It’s the most wonderful time of year. Not Christmas; December LSAT scores will be released soon after the New Year, and you’ll be ready to finalize your schools list and get those applications out the door. This is the time when law school applicants are tempted to hurry up and submit things, and therefore it’s also the time when most mistakes are made.

To help you avoid those killer errors, here are your final, extra steps to make sure your hard work pays off:

1. Read your personal statement. Out loud. This is how you notice errors and typos, especially those pesky extra words and the casualties of quickie cut-and-paste jobs.

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Stay Ahead on Your Law School Applications

Today’s tips come from Eileen Conner, who helps law school candidates write excellent admissions essays in her work as founder of Pen and Chisel.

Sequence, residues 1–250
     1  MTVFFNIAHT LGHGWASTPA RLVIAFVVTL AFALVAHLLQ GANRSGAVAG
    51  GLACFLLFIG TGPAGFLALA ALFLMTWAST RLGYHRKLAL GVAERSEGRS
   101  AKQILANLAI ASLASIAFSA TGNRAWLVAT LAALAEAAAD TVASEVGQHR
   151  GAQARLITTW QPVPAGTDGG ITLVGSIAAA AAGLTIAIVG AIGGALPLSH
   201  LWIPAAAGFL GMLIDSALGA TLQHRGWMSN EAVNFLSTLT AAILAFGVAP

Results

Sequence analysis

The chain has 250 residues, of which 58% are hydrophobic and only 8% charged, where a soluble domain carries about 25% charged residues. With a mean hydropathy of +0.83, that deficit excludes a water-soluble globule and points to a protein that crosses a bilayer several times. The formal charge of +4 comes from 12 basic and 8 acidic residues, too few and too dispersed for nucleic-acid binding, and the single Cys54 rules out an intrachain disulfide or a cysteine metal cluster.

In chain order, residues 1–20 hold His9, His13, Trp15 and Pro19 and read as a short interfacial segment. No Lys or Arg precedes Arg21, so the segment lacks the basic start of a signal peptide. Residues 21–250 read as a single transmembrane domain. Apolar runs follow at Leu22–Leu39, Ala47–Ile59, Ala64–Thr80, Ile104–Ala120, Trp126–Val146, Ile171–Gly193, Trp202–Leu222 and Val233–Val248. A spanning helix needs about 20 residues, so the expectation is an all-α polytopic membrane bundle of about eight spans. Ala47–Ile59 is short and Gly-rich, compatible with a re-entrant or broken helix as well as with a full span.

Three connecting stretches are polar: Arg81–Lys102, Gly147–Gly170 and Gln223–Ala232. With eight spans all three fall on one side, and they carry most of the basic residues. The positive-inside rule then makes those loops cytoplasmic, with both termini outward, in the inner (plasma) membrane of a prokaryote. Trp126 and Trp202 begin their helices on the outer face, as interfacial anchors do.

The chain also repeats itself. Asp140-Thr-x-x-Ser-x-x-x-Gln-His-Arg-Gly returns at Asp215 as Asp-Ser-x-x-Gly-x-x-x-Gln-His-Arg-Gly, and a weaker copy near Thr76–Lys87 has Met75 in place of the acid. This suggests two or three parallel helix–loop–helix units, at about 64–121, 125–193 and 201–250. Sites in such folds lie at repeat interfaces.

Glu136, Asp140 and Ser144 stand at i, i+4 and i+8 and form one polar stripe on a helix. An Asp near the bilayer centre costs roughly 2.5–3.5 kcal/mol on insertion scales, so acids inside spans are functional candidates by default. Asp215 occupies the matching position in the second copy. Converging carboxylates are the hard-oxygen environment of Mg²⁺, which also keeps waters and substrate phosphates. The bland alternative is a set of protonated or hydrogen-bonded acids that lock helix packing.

If you’re taking the December LSAT, you’ve probably been spending most of your application time developing a strong study regime. Great! But even though the LSAT is a critical part of your argument for admission, it’s also a good idea to keep an eye on the other parts of your application.

What else should you do between now and the exam to make sure you’ll be ready to submit your applications as soon as you receive your scores?

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September LSAT Wrap Up: What’s Next?

Congratulations! You’ve taken the September LSAT. Now you’re probably looking to do something more productive than spend weeks worrying about your LSAT score. Here’s the good news: you have a ton of work left to do. Ideally, you will complete all the other parts of your law school applications before the September LSAT scores are released in about three weeks.

Here’s a rundown:

Get Law School Recommendation Letters

If you didn’t ask your former professors or TAs for recommendation letters, you have to get on that right away.